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4 Creative, Funny DIY Repairs for a Leaky Toilet

Unusual toilet repairs

Don’t try this at home!

Except that people have used these unusual techniques — and more — to fix a leaky toilet until they could call a plumber or run to the hardware store for a replacement part.

You can manage without a kitchen sink for a day — there’s always takeout — or a shower, but the toilet? It’s the one plumbing fixture you can’t do without, especially if there’s only one in the house or apartment. There are no alternatives short of porta-potty rental.

An old flapper that no longer seals, a broken or twisted flapper chain, or a malfunctioning float can cause untold misery for our good friend John, so here are just a few of the imaginative, funny, and sometimes crazy things people have done to keep him in the game.

1. Garbage bag twist ties to replace the toilet flapper chain

A twisted, too-short, or just plain botched chain between the toilet flapper and the float can be a plumbing headache. Such a simple thing! Yet, it may not allow the flapper to lower and seal the tank.

So if the chain is damaged beyond repair with no replacement part in sight, an easy temporary fix is to fashion a chain out of garbage bag twist ties (preferably the one with wires). It’s a DIY repair more durable and reliable than string, and who doesn’t have a few twist ties lying about?

Garbage tie chains are flexible, unlike heavier wire, and easy to adjust.

2. A styrofoam float support to stop the flow

A malfunctioning float can make a toilet leak. Floats measure how much water is in the tank and act as a shut-off valve once the tank is full.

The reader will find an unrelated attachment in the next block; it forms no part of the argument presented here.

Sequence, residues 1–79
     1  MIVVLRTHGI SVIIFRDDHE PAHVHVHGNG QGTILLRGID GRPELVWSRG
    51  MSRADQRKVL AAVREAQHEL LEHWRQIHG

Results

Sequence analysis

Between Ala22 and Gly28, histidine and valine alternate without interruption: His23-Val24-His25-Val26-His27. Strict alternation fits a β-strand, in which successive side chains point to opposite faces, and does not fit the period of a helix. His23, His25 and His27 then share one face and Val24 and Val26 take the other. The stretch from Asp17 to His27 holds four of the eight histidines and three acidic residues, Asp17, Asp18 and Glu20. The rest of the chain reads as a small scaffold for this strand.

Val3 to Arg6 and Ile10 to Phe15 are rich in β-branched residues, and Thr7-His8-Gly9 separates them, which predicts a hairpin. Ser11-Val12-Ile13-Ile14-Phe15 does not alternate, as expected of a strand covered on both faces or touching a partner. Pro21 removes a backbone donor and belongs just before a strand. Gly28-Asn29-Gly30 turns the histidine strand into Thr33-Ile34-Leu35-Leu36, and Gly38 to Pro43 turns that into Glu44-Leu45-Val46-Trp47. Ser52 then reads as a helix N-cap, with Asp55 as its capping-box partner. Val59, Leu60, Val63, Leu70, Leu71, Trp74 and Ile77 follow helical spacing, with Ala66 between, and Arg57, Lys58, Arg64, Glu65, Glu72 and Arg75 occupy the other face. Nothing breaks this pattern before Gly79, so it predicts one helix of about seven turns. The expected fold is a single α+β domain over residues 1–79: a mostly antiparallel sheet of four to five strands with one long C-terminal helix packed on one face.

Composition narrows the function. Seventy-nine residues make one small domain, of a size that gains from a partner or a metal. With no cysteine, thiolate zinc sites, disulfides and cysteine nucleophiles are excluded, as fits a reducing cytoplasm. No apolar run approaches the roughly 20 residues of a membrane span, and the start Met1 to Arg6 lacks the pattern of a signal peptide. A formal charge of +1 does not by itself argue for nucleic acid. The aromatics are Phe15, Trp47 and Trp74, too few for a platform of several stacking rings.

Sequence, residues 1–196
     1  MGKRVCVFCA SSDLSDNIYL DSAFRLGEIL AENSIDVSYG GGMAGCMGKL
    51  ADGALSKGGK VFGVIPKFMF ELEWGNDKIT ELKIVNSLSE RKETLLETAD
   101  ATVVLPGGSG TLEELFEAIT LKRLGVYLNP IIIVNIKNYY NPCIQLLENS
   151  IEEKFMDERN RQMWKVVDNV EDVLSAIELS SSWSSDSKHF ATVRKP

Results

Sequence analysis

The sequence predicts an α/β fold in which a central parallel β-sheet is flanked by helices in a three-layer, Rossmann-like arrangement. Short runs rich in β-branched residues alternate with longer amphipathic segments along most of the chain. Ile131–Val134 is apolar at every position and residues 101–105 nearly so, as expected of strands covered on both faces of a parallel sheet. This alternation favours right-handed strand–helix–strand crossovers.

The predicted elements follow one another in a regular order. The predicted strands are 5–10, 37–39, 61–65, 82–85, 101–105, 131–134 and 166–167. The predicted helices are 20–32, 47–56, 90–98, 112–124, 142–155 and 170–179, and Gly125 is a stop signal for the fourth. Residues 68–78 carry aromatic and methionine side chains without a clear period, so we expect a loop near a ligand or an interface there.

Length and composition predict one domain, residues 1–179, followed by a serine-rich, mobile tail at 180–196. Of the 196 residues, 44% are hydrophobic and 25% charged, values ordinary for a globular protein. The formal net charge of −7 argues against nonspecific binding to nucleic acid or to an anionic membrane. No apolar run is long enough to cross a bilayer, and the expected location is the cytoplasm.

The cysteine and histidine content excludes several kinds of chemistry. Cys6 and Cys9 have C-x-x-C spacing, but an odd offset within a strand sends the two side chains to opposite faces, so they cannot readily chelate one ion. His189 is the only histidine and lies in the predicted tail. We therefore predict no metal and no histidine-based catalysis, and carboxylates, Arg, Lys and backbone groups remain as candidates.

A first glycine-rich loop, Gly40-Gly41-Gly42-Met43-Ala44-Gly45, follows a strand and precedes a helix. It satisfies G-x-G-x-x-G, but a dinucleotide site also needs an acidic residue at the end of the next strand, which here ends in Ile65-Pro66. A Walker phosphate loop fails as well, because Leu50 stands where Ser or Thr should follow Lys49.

If the float needs adjusting but won’t move, some DIY plumbing creatives report that placing a foam cup around the float arm helps push it up enough for the water to shut off. It’s obviously not a long-term solution, but it will keep a toilet in action until someone can repair or replace the float mechanism.

Some newer toilets have a float that moves on a vertical metal or plastic rod rather than on the arm. It can be challenging to adjust, and the toilet will keep running if it sits too high.A piece of styrofoam placed on the rod just below the lever pushes the lever up to stop the water flow.

3. Fixing the toilet flapper with Vaseline to seal against leaks

Your toilet’s flapper opens and closes. It opens to let water out and closes to seal the tank. It’s a thankless job, and the flapper does it without complaint until it suffers the pains of age. Sound familiar?

Flappers are made of flexible, rubberized material, which becomes brittle and cracks over the years. Cracks are the enemy of a tight seal.

Some cleaning products or toilet tank stick-on cleaners accelerate the process, sending the flapper to ruin that much sooner.

But there’s hope for our poor little flapper in the form of Vaseline, which can partially restore its youth and suppleness for a while.

  1. Drain the toilet tank.
  2. Dry off the toilet flapper. Rub Vaseline on the flapper and its connecting washer until they soften.
  3. Fill the toilet tank and check the seal.

You’ll have to retire the flapper at some point, but the Vaseline treatment may be enough to seal your toilet tank until you do.

4. The fish tank reservoir solution

One ingenious homeowner with a cracked toilet tank fashioned an alternate reservoir from an old fish tank filter system. He attached it to the overflow pipe on top of the toilet tank, then connected it to the toilet’s water supply line.

It worked like a charm until he got his replacement part — now that’s resourcefulness! Nothing fishy about it!